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The student news site of Marquette University

Marquette Wire

The student news site of Marquette University

Marquette Wire

Homegrown culture and emphasis on competition lead club fencing to new heights

Photo by Mikey Severson
Marquette club fencing practices in Humphrey Hall three times a week.

The thrill of fencing is dodging your opponent’s attacks and finding the gap to strike your opponent while adrenaline rushes through your veins during the bout.

Marquette club fencing looks to foster this same feeling in its members through competing and building strong relationships through shared experiences.

The club meets in Humphrey Hall’s practice space on Mondays, Wednesdays and Fridays, from 6-8 p.m. The club provides protective gear and swords for all its members, but individuals are welcome to purchase their own equipment.

Having lost a fair number of competitors from previous seasons, recruiting new members has been a priority for new coach and Marquette alum, Eric Nassos, who fenced for Marquette’s club during his time as a student.

“The goal has been expansion for years. There was a very large senior class that graduated in 2023, so I think that roughly 80% of the club left in that graduating class,” Nassos said. “That only left a few people, one is traveling overseas to study abroad, a couple are injured. It really hurt our numbers for this semester, but we’re still looking pretty good in terms of how we’re competing.”

Additionally, the intrigue of the sport itself and encouragement from friends led Grace Kay to try her hand at fencing; and she has also appreciated the group’s welcoming atmosphere.

“I thought it was interesting, but my friends actually pushed me to sign up,” Kay, a first-year student in the Colleges of Arts and Sciences, said. 

“I’m very close friends with everyone in the group, and they’re basically like family to me. It’s a very tight-knit group and love the community aspect.”

Club president Amaya Ibanez-Baldor said although she enjoys fencing, she also makes it a personal priority to spend time with her teammates outside of practice.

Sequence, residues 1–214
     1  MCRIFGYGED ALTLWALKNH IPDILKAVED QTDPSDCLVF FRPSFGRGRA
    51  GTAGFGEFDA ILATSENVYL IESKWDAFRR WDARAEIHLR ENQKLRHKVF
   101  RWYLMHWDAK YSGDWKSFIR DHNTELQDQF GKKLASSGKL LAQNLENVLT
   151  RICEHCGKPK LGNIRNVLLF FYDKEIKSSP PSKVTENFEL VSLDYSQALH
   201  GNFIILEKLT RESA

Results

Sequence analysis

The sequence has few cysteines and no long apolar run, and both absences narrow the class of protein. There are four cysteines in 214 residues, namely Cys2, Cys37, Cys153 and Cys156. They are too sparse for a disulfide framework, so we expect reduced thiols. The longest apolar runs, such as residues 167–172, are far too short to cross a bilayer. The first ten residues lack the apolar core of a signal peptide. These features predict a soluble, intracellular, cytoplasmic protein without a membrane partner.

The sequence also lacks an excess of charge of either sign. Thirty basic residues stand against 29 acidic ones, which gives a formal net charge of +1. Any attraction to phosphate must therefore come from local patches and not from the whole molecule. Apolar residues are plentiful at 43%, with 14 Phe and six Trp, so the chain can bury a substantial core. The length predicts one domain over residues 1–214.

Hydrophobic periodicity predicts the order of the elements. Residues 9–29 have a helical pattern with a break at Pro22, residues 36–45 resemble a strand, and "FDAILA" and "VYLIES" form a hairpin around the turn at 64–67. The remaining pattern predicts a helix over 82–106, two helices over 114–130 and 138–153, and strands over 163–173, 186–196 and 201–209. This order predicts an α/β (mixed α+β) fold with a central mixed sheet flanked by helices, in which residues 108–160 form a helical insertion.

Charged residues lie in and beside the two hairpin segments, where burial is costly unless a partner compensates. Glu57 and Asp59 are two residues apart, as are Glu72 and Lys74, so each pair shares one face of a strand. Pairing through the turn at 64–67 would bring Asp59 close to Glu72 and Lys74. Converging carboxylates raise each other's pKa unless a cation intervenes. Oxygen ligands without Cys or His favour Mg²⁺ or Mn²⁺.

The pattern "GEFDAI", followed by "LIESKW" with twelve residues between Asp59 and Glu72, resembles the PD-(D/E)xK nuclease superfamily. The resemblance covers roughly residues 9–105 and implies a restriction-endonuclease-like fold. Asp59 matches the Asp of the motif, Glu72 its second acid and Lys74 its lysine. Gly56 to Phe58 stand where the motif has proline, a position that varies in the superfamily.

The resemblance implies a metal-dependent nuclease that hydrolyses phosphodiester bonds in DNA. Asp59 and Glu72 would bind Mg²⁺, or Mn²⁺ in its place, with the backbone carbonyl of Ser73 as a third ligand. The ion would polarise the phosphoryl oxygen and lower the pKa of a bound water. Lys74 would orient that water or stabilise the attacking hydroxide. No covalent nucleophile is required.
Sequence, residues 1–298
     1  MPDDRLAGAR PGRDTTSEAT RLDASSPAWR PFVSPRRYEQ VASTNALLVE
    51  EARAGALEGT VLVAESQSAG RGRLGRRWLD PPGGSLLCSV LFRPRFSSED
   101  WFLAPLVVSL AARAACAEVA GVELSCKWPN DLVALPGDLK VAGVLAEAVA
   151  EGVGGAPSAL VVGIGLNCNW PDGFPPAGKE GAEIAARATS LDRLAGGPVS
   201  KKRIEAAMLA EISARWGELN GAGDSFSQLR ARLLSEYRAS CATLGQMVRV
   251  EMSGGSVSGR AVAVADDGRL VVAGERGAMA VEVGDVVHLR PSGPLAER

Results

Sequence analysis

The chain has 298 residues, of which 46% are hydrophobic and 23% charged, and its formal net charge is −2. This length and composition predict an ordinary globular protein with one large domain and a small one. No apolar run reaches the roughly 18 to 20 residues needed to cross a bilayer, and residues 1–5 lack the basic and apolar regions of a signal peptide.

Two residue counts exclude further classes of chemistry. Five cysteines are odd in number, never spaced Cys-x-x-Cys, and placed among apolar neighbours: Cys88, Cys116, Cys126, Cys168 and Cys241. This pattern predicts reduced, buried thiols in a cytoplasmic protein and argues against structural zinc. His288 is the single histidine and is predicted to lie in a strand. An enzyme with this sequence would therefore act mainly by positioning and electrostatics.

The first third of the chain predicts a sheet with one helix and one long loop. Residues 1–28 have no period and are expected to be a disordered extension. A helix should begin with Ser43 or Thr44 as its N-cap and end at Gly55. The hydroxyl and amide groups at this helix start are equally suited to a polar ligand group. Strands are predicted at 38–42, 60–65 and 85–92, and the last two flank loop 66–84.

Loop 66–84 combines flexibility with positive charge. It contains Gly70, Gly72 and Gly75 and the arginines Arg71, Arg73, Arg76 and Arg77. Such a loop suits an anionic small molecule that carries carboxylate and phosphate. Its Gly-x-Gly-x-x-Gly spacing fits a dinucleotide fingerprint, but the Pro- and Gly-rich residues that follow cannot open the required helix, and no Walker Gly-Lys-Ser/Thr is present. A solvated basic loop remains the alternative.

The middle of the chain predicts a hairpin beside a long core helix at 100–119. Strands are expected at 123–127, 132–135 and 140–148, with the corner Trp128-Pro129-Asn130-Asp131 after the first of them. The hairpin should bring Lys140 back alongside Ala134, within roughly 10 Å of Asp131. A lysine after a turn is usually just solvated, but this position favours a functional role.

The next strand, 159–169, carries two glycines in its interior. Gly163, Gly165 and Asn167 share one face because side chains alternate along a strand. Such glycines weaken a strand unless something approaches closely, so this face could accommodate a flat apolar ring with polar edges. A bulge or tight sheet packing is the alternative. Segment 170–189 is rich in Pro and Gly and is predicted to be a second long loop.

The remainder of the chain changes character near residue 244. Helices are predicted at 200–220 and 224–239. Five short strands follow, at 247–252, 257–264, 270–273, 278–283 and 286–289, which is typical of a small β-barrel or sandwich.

“I got the opportunity of social chair my first year here, I always wanted to be a part of a club that hung out outside of practices. I was able to do that, get my feet wet in different leadership roles, and grow through fencing,” Ibanez-Baldor, a senior in the College of Engineering, said.

Nassos said he hopes the team continues to take the next steps to improve under his watch. With this mission in mind, Nassos had the team join the Midwest Fencing Conference, which consisted of 19 collegiate fencing clubs across the region.

“We’ve already had two that qualified for the conference tournament, we should be getting everybody on the team through that at the next tournament, possibly even nationals this year. If not this year, definitely next season,” Nassos said.

The group has partnered with the University of Wisconsin-Whitewater’s fencing club to fill certain events come competition day.

“We only field part of the team, we show up with only enough people to fill the men’s and women’s epee event,” Nassos said. 

 “Because there are three events in fencing — ‘epee, foil and sabre’ — we lean on some of the UW-Whitewater team to fill in some of the gaps, especially (in the sabre event),” Nassos said.

The club socializes through team travel to and from tournaments., and especially looks forward to tournaments. as they get to further gel with each other socially. The team drove down to Nashville, Tennessee and stayed in a large Airbnb vacation home for one of last year’s tournaments.

“Tournaments are my favorite part, and the (Nashville trip) was a blast,” Ibanez-Baldor said. “We have five competitions a year for the Midwest Fencing Conference, we travel to different schools and spend one to two nights there.”

Joining the Midwest Fencing Conference has provided an incentive for club members to improve their skills from one competition to the next.

“Through filming our competitions, we physically and numerically see improvement. This has really encouraged people to get better at fencing,” Ibanez-Baldor said.

This article was written by Mikey Severson. He can be reached via email at [email protected] or on Twitter/X @MikeySeversonMU.

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About the Contributor
Mikey Severson
Mikey Severson, Sports Reporter
Mikey Severson is a first year from Saint Charles, Illinois studying journalism and minoring in sports management. He is a Sports Reporter for the Marquette Wire for the 2023-24 school year. At St. Charles East High School, he played football, tennis and managed the boys' basketball team. Outside of the Wire, he enjoys professional football, playing tennis, trying new foods and meeting new people. He is excited to cover Marquette athletics, go to games and interview players & coaches post-game.

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